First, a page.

The Allure of Being a Celebrity Trainer

There are a lot of trainers that set their sights on training celebrities. Why do you think that is? What is it about celebrities that makes them a desirable target market?

Is it that it would be cool to know a celebrity?

Is it because they have more money so you could charge more?

Is it because you want to be famous yourself?

Is it that you want to have someone who works their butt off because it’s their job?

Or, maybe you want to work as a full-time trainer for one person, have them take you on trips or on to their movie sets.

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First, don’t think that celebrity trainers are automatically good trainers (although I know some very talented ones: see Gina Lombardi and Chad Landers ) or what they do is something you should do with your clients. There are plenty of trainers that put their clients through unsafe, ridiculous workouts and prescribe bad diets and un-needed, possibly dangerous, supplements. Yet, most people will get some results when starting any workout or implementing any diet. And, if the trainer happens to acquire a celebrity client and they see results, they will tell their celebrity friends, and next thing you know, they’re a celebrity trainer. (see the unscientific philosophies of Tracy Anderson).

Here are a few things to keep in mind if you want to train celebrities.

  1. Remember, like all personal training, it’s about them, not you. Know your stuff. Give great results no matter who you’re working with.
  2. Training celebrities is a niche. There are some commonalities in celebrity life, that if you know, could give you an advantage over other trainers. (this could be anything from understanding the audition process to knowing that business meetings could make keeping appointments difficult.) You need to understand their life/work challenges. 
  3. Live and work where there are celebrities. When I lived in NYC, I trained a number of actors and performers, from soap operas, to broadway, and even one superstar Diva. They could be found (and therefore trained) in New York City. I now live in Easton, PA. Guess what? I have no famous clients here. Celebrity trainers all typically live in the big cities (as do most celebrities).
  4. Their hours can be chaotic and you need to be able to work around their schedule.
  5. The building of a famous clientele list starts with a single celebrity client, their success story, and word of mouth. You can’t just claim to be a celebrity trainer and get celebrities. Referrals are the lifeblood for building this client base.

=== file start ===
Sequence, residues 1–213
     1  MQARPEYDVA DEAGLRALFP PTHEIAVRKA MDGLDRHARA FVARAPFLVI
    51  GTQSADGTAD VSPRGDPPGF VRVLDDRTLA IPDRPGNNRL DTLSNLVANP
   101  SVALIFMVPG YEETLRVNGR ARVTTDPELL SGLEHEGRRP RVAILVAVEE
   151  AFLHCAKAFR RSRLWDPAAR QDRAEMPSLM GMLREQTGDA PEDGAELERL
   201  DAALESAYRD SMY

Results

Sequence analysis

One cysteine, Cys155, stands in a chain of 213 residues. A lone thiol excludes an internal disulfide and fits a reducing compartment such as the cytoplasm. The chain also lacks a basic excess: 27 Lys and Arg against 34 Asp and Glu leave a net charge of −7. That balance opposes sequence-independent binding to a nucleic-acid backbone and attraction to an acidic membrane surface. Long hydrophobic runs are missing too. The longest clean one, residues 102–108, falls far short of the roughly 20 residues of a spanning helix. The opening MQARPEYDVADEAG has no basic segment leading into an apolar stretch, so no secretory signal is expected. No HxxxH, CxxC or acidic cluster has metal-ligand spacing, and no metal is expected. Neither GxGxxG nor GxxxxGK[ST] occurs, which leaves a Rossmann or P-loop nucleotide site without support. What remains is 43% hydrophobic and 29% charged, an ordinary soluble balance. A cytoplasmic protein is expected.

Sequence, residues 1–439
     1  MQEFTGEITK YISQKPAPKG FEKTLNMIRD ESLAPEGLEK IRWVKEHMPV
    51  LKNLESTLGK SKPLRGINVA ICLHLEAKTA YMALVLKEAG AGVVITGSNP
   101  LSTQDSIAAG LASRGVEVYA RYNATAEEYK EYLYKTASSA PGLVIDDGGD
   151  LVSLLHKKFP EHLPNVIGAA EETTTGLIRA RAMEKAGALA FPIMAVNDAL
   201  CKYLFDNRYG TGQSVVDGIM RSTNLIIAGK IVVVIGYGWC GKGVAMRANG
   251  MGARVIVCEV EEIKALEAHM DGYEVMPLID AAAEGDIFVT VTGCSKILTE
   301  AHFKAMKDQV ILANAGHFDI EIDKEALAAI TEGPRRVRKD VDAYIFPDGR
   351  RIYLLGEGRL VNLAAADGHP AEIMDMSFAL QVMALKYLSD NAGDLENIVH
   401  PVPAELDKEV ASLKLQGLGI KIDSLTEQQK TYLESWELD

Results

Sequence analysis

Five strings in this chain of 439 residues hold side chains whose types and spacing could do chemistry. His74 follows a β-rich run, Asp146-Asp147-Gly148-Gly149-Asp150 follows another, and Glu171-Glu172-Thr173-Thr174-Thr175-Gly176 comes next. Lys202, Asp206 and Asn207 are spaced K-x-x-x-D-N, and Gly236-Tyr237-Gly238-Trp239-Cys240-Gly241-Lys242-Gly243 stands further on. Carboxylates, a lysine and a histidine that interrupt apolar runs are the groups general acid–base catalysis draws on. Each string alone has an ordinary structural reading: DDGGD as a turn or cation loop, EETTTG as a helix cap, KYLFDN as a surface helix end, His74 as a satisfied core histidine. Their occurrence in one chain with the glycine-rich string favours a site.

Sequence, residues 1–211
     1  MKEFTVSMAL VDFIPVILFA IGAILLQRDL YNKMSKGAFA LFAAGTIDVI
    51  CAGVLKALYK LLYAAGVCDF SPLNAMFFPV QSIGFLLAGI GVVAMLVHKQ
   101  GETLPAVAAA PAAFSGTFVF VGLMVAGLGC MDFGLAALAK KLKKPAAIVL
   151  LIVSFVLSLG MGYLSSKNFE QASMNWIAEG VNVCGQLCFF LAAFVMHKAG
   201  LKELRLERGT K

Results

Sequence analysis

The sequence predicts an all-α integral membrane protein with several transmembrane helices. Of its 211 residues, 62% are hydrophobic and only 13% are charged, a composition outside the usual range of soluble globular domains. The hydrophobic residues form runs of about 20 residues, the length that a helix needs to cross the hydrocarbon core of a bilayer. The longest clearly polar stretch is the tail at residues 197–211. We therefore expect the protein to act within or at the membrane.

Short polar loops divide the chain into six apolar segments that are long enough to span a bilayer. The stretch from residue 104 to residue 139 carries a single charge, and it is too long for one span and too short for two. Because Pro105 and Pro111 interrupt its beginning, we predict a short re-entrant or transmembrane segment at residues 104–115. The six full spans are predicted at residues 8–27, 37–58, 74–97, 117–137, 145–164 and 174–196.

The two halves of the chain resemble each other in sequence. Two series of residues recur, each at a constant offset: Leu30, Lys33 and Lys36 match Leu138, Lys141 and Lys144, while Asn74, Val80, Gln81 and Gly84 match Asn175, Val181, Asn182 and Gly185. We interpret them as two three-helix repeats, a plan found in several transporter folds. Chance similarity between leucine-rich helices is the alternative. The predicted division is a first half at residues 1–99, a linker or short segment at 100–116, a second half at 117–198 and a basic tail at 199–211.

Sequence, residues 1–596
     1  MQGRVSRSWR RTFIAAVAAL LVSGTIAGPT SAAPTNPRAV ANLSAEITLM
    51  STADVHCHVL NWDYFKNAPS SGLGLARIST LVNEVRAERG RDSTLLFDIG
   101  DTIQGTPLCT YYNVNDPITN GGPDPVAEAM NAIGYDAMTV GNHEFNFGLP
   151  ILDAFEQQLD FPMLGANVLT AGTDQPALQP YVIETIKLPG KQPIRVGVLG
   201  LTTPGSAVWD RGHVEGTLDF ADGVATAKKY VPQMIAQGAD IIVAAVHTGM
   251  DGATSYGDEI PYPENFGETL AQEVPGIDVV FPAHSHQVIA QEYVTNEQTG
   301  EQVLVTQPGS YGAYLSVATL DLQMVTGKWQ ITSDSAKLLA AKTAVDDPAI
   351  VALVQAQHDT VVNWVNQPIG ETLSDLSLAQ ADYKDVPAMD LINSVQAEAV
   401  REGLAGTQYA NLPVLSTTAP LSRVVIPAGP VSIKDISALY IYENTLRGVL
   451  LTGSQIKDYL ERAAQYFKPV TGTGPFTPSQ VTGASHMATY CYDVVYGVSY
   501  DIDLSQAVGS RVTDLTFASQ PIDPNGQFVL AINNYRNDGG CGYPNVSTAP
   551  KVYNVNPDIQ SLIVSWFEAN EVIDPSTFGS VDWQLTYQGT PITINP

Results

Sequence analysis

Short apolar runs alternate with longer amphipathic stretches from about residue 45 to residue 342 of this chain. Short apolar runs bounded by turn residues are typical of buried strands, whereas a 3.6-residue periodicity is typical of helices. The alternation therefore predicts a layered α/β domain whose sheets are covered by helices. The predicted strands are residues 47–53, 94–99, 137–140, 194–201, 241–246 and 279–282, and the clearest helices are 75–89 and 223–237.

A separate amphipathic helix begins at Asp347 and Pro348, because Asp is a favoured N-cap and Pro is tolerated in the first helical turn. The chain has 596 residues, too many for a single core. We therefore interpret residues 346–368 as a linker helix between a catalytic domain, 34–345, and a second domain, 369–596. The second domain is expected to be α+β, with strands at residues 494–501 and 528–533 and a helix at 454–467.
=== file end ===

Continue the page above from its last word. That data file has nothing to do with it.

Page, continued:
So, is being a celebrity trainer realistic? Sure, but it takes a long time to build that niche business and you’re going to need to train a lot of “regular folk” in the meantime. I also can’t stress enough that, just like any other client, it’s about how you can help them that matters. Good luck.

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Hiring Star Power

I just read an article on the Club Industry site, Should Your Fitness Studio Be Dependent on Personalities or Programs?, and thought that it is an issue worth discussing. Who should we be seeking out as new employees? Should it be a local “star” or an unknown?Star trainer

Let’s check out some pros and cons of hiring a star.

Pros:

  1. They are a known entity. They have a proven track record of success.
  2. They may bring in their own clients from another facility (which means more revenue for your facility).
  3. Their fans (clients/members) will tell others how good they are and help build their classes or programs (more revenue).
  4.  They may bring a special talent or skill that you do not yet have at your facility (potentially more revenue).

Cons:

  1. I’ve seen trainer and instructor rock stars from one facility completely flop in another setting. Their star power may not transfer.
  2. If they brought their client’s with them to your facility, what’s to say they won’t turn around and take them out of your facility along some of your regulars?
  3. They may expect higher pay than others which, if you pay it, can create bad team feelings if others were to ever find out.
  4. They may feel that they are above the standard policies and procedures of your facility. Noncompliance is a recipe for team disaster.

SuperStar_2013_logoI believe that the answer is not a simple yes or no. Here are my thoughts/recommendations on hiring a “star”:

  • Don’t hire anyone that isn’t excited about being part of your mission. Everyone from the cleaning people to the superstar trainers need to have the passion to work as part of a team that can create or provide something special.
  • Treat all of your employees like superstars. Pay everyone well and consistent for the position that they hold (everyone that has the same position receives the same benefits and pay). Give everyone the respect and kindness that we all deserve.
  • All employees are held to the same rules. Inconsistencies in how rules are enforced will create questions and confusion. Not enforcing rules is condoning the breaking of rules.

The question of whether or not to hire a superstar employee should be less about the star power that they may bring (although it can certainly an added bonus), and more about if they are a star fit into your company.